On the front of the right speaker is a single volume knob with incorporated power switch that is encircled by a blue glowing ring. There are no tone controls so you’ll have to rely on your computer or PMP to set your desired sound. Also, like the T40s, the HD50s have dropped the additional line-in socket that we so liked on the T20s and replaced it with a dock connection for use with their range of docking stations. This is something we aren’t particularly enamoured with as it’s useful to be able to quickly plug in your player and listen to music without turning your computer on or unplugging other cables. It’s more excusable on these tiny speakers than the enormous T40s but it’s still a bit of a shame.

Each speaker houses two drivers in the front, as well as a bass port exiting out the top, and as you’d expect the upper and lower frequencies are split between the two. However, and this is where the large part of the high cost comes in, the HD50s don’t just use a passive crossover to control how the audio signal is split, they actually use two separate amps for each type of driver.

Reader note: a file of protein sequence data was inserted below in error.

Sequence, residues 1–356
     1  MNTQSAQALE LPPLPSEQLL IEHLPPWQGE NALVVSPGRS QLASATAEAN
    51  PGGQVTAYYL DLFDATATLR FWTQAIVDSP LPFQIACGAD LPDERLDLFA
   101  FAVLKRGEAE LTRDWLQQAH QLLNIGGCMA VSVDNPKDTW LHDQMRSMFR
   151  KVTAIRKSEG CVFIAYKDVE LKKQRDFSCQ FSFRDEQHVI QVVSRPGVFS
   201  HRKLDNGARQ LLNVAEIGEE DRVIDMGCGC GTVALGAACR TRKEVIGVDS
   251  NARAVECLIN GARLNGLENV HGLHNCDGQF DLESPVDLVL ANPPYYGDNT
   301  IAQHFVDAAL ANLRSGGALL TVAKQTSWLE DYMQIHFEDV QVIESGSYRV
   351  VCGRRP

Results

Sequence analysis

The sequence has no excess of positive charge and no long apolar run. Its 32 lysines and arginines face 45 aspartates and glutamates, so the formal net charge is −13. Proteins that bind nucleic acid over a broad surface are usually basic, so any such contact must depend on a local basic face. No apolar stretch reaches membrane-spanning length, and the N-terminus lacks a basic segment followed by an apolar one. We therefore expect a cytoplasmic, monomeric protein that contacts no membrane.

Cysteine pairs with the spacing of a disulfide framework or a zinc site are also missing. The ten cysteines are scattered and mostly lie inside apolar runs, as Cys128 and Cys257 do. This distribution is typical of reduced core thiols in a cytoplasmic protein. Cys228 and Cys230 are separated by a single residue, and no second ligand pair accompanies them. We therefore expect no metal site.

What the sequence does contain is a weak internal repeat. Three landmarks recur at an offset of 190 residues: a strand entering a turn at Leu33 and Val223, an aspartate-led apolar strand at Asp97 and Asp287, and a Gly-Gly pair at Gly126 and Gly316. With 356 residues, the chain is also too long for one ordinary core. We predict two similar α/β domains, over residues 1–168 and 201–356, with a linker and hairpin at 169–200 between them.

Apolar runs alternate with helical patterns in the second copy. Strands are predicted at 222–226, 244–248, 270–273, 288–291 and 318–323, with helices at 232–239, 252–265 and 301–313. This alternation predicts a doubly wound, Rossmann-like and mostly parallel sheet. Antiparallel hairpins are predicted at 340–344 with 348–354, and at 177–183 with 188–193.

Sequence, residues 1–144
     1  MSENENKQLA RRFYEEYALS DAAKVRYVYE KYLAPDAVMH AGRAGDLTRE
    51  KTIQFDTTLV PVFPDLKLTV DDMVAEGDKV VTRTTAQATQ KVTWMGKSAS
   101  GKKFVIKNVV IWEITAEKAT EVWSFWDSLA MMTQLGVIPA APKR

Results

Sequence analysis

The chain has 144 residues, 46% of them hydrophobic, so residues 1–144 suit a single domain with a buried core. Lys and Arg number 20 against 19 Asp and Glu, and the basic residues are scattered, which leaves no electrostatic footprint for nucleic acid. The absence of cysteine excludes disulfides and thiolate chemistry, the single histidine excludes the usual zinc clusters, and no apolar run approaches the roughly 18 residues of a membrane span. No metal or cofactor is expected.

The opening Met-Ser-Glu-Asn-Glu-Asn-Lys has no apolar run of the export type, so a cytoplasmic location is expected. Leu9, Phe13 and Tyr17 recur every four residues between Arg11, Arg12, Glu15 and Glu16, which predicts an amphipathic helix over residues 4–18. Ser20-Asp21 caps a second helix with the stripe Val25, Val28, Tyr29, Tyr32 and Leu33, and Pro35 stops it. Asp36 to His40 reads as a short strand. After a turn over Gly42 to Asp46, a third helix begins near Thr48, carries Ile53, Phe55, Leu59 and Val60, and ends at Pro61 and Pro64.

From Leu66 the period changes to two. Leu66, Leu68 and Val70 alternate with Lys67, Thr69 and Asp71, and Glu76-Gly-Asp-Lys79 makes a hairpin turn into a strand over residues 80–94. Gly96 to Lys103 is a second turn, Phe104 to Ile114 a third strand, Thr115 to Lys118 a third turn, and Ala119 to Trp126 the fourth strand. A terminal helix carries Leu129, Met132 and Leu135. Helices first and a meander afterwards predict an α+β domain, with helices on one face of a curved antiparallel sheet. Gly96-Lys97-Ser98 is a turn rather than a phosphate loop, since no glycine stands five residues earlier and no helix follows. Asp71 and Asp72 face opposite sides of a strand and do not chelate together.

The reasons for doing this should be obvious but for those of you not familiar with audiophile technobabble I’ll explain a bit further. Basically, dedicating an amp to a single type of driver enables it to be optimized to get the best out of it without compromising fidelity on other drivers. So, for instance, if a song has a strong, punchy bassline, the low frequency amp can busy itself providing enough power to keep things pumping, leaving the upper frequency amp to pick out the details undisturbed. The result is a much tighter sound that shouldn’t become strained and muffled no matter how much you crank the volume.

Accompanying these improvements in circuitry, the cones used in each driver are also made from super lightweight and rigid titanium, so the audio signal is given the best chance of transitioning from electron to airwave, noise free.